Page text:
Attackers are constantly looking for new ways to evade detection. New malware techniques take advantage of operating system features to inject malicious code into memory or the operating system registry without leaving a file on the disk. Traditional detection tools that rely on analyzing disk files need to be augmented with memory analysis and memory protection mechanisms, behavioral analysis, and broader intelligence sharing.
A current trend in fileless malware attacks is to inject code into the Windows registry. Most of these attacks enter a system as a file or link in an email message; this technique serves to emphasize the continued importance of email scanning and user awareness training. When the link or attachment is clicked, the malware writes its payload into the Windows registry and then disappears.
The payload written into the Windows registry contains a script hidden by several layers of tricks. The script is masked from view by removing the user’s access privileges or including a null character in the registry key name. The script calls a legitimate Windows program, such as PowerShell, to insert malicious code into the memory space of standard Windows processes, such as svchost, dllhost, or regsvr32, so that the code cannot be detected by scans for malicious processes.
Examples that McAfee Labs has seen so far, such as Kovter and Powelike, connect with websites and click-through ads, transforming the infected system into a click bot. The more resources the system has, the more ad traffic it generates, and the more money it makes for the criminals. Some analyzed variants have also downloaded ransomware payloads.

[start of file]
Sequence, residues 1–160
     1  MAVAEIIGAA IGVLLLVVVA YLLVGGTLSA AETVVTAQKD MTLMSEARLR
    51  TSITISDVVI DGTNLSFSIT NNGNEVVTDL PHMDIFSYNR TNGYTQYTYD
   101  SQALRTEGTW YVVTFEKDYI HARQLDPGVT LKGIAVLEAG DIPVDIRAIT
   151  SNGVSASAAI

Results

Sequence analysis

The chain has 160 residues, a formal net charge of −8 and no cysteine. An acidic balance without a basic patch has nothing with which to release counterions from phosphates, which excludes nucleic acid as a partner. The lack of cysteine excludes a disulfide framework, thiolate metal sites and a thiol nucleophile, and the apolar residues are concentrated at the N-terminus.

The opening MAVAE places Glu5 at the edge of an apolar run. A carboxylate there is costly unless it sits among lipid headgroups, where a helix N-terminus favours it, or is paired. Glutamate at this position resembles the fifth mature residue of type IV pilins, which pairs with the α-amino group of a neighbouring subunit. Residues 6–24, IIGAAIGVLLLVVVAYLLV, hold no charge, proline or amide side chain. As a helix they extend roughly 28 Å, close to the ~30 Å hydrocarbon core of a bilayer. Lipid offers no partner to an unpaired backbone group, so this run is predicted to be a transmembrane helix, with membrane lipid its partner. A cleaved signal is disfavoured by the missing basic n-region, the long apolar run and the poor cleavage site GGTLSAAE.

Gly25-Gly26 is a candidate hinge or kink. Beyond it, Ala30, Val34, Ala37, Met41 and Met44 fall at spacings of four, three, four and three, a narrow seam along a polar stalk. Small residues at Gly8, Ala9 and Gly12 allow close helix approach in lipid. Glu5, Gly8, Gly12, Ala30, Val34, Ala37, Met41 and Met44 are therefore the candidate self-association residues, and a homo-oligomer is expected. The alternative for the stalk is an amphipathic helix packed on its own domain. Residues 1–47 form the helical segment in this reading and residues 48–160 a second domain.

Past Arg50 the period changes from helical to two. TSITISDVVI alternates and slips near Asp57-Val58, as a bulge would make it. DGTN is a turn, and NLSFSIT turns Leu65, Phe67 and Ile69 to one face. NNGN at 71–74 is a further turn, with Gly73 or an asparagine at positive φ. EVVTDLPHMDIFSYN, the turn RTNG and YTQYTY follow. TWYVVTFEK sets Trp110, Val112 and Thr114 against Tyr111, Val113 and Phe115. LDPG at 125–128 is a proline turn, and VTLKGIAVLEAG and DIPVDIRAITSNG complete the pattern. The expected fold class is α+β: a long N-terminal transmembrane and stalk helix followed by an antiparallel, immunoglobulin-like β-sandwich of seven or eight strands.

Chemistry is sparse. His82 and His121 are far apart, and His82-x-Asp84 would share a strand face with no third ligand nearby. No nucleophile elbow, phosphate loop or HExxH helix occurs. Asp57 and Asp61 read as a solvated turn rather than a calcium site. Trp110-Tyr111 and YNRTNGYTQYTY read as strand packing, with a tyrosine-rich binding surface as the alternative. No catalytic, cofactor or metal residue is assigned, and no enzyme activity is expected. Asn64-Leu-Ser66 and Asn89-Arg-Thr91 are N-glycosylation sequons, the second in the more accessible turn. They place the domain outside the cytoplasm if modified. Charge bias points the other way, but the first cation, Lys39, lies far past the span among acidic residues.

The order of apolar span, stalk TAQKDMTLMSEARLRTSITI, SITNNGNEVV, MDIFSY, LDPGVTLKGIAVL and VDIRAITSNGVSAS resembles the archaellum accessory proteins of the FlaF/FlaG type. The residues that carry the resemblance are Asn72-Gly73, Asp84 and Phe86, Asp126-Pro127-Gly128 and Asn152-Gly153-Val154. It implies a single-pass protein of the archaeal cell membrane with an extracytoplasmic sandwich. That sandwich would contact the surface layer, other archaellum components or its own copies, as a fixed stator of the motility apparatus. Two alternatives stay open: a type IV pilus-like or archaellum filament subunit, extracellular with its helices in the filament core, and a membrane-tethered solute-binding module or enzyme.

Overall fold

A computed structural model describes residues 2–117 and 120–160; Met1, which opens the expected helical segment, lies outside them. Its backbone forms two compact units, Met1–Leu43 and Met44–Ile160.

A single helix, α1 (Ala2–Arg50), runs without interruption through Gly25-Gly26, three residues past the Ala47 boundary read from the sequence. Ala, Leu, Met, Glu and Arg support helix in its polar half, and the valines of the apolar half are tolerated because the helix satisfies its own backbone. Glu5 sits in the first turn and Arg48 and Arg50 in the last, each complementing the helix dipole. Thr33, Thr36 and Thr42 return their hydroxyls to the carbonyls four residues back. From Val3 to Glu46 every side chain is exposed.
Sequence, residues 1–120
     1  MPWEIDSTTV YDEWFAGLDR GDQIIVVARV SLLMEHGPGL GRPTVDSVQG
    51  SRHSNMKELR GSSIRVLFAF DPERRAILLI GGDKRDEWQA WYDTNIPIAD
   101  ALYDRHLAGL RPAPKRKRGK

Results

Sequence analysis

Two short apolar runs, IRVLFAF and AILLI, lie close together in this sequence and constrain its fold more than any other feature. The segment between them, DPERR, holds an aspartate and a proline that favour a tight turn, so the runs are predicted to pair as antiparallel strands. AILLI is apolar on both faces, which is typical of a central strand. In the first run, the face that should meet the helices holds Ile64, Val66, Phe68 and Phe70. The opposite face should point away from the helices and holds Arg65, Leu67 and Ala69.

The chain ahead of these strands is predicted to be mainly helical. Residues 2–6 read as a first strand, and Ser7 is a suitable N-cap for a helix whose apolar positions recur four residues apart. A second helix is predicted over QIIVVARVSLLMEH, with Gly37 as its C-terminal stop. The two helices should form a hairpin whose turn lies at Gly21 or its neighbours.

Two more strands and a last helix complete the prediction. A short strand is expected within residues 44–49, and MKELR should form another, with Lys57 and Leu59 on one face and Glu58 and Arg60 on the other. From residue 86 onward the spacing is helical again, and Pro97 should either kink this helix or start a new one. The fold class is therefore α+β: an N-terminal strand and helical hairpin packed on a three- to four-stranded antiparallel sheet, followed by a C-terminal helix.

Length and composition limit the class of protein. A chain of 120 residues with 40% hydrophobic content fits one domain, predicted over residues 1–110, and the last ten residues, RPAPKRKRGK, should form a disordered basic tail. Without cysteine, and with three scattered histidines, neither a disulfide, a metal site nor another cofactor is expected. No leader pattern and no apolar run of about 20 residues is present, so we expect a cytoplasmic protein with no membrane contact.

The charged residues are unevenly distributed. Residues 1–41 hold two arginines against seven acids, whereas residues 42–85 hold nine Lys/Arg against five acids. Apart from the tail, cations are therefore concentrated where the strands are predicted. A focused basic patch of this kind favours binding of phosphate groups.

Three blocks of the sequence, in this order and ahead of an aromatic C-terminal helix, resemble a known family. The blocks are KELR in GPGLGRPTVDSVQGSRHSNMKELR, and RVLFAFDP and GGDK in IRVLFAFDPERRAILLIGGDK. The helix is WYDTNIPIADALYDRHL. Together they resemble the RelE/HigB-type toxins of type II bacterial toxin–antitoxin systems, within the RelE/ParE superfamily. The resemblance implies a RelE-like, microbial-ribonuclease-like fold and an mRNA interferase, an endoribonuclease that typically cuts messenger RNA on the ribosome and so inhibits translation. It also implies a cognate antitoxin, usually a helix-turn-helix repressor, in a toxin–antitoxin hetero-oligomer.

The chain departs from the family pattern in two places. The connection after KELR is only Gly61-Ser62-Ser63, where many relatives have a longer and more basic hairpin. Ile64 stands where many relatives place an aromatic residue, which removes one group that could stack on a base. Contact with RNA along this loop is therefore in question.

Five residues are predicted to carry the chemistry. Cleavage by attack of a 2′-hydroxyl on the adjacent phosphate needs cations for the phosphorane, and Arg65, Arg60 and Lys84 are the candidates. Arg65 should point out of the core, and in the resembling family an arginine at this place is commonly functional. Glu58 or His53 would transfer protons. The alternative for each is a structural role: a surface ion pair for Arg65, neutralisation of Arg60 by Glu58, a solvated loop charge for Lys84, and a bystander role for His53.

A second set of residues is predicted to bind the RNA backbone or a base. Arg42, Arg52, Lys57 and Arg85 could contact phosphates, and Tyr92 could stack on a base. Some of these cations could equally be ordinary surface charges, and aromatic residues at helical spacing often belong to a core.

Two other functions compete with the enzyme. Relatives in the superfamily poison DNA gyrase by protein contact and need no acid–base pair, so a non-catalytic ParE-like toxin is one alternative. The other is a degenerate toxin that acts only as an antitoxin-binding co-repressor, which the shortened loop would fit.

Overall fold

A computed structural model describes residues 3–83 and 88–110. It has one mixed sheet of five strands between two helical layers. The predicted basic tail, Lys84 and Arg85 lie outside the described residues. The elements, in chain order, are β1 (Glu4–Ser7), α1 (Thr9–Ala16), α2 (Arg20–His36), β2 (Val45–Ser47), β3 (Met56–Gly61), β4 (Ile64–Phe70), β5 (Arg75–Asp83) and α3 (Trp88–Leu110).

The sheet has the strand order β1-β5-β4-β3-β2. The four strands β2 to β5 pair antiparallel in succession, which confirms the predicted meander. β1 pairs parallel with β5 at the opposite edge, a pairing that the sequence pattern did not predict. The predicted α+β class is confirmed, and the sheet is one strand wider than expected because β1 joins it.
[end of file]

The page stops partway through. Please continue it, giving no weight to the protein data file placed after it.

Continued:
Fileless malware registry attacks leave no malware files to scan and no malicious processes to detect. Further, evidence of malicious registry keys is hidden by removing access controls and encrypting the values. Operating system updates and patches will not prevent attacks, because no vulnerabilities have been targeted. Specific rules are available that write-protect registry keys and processes, but more generic write-protection rules are not advised as many legitimate programs need to make registry changes.
The defense to this and other new types of fileless attacks is not just an updated virus definition file or even a single “silver bullet” tool. We need to look at user and system behavior, not individual devices, files, and processes. Humans are often the weakest defensive link, and this type of attack relies heavily on that vulnerability.
Email and web gateways can also help protect users from the initial malware. As soon as a malicious link is detected by a gateway, it should not only be shared with others, but a network traffic analysis should scan for recent traffic to the URL to identify computers that may be already infected. Because early emails may get through before the URL is convicted, endpoint security should watch for registry changes, as well as script-based execution of management tools like PowerShell and Windows Management Instrumentation. Hardware-based memory protection is an emerging security category that brings another layer to the defender’s side. Finally, behavioral analysis will help to quickly contain the infection by identifying infected computers shortly after automated ad clicking begins. Detecting the undetectable requires a team of defenses.
For more information on fileless malware, please visit http://www.mcafee.com/November2015ThreatsReport.